Develop yourself to the best of your ability
Rebbe Nachman once told a well-known rebbe who would pray in his private room adjacent to the synagoge. hearing sounds outside his door and thinking it to be his chassidim trying to catch a glimpse of thier master’s devotions, the rebbe prayed with great fervor and enthusiasm. Later, he discovered that the sounds had been caused by a cat scratching at the doorr. “For nin years he prayde to a cat! G-d save us!” (Aveneha Barzel p.25)
Our prayers to Hashem must be pure and sincere. They need not consist of expensive words or complicated sentences. Pure from the heart in your own language in your own terms. It is good to find a quiet, fixed, place to pray to Hashem. When you are aware that others are listening in, it is harder to be sincere and focused in your prayers. In the above example, this led to overly big words that were meant to appear pious. But sometimes it can be just the opposite.
I have been blessed to have been able to pray at the Kotel several times. Each time, I prepare well. Yet I do not (yet) manage to pray concentrated. Not that I want to use different or better words than usual, but the fact that people can listen in makes me not dare to utter the words the way I would otherwise. What would others think. Would they notice a non-Jewish woman praying Hebrew prayers. Would they notice mistakes, would they find it strange. Thoughts that distract me. How much easier those prayers go my way on my one of my favourite dunes on the coast of Israel. Alone, the beach, the sea, the sky in my direct line of sight, no people….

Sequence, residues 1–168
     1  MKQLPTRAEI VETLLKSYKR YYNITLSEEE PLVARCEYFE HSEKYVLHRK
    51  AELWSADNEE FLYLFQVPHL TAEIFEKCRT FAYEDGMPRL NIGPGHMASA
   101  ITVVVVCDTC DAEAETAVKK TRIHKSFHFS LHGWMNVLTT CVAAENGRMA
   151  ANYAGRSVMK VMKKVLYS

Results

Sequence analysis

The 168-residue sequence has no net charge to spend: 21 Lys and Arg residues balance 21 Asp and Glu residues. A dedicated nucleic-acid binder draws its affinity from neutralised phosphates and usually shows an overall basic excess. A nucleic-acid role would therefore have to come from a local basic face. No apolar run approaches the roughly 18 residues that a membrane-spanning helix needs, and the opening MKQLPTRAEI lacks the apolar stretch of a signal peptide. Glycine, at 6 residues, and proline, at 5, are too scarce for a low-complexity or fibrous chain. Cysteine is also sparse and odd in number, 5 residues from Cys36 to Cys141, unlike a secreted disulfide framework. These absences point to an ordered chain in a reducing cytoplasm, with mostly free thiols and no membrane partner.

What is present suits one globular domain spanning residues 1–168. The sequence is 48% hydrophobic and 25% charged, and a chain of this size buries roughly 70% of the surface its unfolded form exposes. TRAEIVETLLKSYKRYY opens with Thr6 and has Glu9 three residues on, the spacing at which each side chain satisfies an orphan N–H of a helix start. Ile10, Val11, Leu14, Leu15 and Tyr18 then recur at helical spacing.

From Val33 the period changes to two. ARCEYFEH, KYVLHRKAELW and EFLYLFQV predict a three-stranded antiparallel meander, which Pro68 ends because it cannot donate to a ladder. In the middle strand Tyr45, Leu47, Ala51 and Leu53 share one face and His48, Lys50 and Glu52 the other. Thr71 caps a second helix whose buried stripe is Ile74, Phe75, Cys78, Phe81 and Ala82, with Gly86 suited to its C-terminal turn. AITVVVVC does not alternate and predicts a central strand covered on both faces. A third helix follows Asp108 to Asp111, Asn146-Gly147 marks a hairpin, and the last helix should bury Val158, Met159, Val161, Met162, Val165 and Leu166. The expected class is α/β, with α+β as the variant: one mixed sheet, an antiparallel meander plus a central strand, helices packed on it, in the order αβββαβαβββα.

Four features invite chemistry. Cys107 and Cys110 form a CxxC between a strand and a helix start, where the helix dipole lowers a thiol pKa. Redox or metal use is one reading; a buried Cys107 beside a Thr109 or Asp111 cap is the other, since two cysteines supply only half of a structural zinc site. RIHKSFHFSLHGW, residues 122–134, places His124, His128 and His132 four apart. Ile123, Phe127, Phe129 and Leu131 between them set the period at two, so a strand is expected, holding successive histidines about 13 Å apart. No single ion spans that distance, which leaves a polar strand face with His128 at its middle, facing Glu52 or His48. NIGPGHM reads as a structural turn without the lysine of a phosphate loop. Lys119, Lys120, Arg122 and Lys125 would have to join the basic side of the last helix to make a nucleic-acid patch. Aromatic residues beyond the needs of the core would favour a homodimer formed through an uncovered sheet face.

It should not matter where and when you pray to Hashem. It should not “inflate” you and it should not “shrink” you. When we approach Him, we should approach as we really are, not taking into account our surroundings.
For me, this is a learning process, but there will come a day, Be’Ezrat Hashem, when I will manage to pray to Hashem at the Kotel as I am, regardless of what others think or feel about it.
By Angelique Sijbolts
Soures: Crossing the Narrow Bridge p. 74
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